Cub Reporters: from novices to news naturals

By Andrea Ray | May 18, 2017
Courtesy of: Deb Stinson The sixth-grade members of Sippican School's Cub Reporters

Marion — The Cub Reporters are always on the prowl for a good story.

The fifth and sixth-grade media news team is based out of Sippican School. For about 10 years, the reporters have recorded interviews, all-school meetings, short movies and other special events. They’ve interviewed teachers at Tabor, and the crew of the Hokulea, a Hawaiian canoe sailing around the world. (The crew was impressed by the Cub Reporters’ skill and efficiency.)

“We do everything,” said fifth-grader Lila Bangs. “We write the questions, operate the camera, test the camera, compose the shot and find any props.”

“Some of them really like to be in front of the camera,” said program advisor Deborah Stinson, “but others find they really like being behind the camera, where they call the shots.”

This year, there are only two fifth-grade Cub Reporters, but a gaggle of sixth-grade reporters are gathered in a small media room. “It always goes like that,” Bangs shrugged. “One year it’s really popular, and the next year not many people are interested.”

Stinson began the program nearly 10 years ago when ORCTV wanted more programing at the elementary school level. A video journalism teacher at Old Rochester Regional High School at the time, Stinson moved to splitting her part-time hours between Sippican School and the junior high, where she coaches another team of veteran Cub Reporters.

“Last year, the Cub Reporters altogether produced 95 shows,” she said. “When you consider that I only teach 110 days of the school year, that’s nearly a show per day. Then you also have to consider the time spent teaching, training, shooting, editing, and getting the final product on air.”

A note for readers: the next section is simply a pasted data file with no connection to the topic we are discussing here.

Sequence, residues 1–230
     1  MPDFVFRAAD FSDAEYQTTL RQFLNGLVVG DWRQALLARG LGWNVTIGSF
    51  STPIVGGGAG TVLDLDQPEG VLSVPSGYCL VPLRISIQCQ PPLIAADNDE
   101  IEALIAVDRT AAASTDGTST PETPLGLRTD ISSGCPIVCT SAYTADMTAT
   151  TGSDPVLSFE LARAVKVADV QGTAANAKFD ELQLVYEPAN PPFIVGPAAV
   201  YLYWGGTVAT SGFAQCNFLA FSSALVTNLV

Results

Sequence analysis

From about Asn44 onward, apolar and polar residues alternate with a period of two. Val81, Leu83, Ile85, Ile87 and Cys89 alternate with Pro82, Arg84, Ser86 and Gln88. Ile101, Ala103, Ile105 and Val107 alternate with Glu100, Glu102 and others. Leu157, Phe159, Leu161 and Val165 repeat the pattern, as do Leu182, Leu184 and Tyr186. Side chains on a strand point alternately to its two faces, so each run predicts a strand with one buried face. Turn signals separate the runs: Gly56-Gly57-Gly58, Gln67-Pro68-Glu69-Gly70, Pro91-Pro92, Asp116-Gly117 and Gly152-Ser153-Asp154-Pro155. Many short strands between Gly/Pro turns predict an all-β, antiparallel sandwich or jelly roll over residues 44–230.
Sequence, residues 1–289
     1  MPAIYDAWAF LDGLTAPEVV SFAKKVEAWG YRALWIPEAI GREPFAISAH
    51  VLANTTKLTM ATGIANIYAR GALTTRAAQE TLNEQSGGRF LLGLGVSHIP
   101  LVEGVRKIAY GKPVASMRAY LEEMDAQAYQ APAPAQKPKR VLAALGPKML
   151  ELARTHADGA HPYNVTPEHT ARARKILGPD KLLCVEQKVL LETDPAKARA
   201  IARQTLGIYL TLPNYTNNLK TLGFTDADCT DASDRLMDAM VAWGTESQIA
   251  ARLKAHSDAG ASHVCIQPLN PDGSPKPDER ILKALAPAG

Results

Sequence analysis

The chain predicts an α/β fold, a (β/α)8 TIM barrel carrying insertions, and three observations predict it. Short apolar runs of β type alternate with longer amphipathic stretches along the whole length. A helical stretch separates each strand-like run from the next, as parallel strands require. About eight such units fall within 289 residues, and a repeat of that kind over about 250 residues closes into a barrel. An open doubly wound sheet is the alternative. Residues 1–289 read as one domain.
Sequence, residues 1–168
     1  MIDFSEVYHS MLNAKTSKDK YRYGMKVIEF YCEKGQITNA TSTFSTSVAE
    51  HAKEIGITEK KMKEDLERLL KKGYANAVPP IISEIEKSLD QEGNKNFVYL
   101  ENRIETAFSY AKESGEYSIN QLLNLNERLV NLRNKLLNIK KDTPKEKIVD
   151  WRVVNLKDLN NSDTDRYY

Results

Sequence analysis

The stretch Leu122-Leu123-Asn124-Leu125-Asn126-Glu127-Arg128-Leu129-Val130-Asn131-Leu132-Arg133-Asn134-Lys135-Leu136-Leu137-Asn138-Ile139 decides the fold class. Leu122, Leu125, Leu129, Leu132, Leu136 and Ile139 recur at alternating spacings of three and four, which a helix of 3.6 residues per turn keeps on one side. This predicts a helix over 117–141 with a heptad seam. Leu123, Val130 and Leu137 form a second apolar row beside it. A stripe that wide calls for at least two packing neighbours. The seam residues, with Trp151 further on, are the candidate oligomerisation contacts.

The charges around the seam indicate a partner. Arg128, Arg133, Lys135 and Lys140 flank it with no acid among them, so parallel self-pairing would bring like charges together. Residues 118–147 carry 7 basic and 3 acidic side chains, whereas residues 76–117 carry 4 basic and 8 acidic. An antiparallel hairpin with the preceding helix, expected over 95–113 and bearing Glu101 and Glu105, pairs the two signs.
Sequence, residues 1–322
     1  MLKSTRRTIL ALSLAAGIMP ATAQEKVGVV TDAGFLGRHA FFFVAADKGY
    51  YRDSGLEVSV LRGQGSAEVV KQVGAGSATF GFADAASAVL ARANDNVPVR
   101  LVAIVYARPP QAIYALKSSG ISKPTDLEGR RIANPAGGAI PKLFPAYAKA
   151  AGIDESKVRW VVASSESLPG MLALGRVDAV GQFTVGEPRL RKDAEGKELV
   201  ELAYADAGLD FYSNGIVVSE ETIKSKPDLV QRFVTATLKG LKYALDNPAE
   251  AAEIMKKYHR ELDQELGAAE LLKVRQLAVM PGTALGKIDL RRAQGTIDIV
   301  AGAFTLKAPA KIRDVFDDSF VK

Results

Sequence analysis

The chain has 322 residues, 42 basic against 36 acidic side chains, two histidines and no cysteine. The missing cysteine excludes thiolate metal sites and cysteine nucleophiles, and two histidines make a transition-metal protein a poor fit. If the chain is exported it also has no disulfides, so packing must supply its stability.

The students have their own reasons for liking the program. A good percentage of the group said that being interviewed by previous Cub Reporters sparked them to join the program themselves. Bangs said that she always wanted to be on camera, as did sixth-grader Kathleen Dunn.

Currently the reporters interview students from different grade levels about weekly events. “We’ve asked kindergartners about their Color Week, and other students about Spirit Week, or MCAS testing, or spring break,” said sixth-grader Nolan Gibbons.

Now, though, the two grade levels are both developing their own mini-movies. The fifth-graders are scripting, storyboarding, designing and acting out a ghost film, while the sixth-graders are planning to produce a spy flick.

“We spend some recesses in here, getting work done,” Bangs said.

Stinson says that the work is worth it to the students. “It empowers them. It gives them not only a voice, but interviewing and presentation skills. They learn critical thinking, collaboration and technology.”

Teamwork and technology are some of the most important skills in the current job market, and are likely to remain there for the future. “Ninety percent of jobs in the future will involve those two skills,” Stinson noted.


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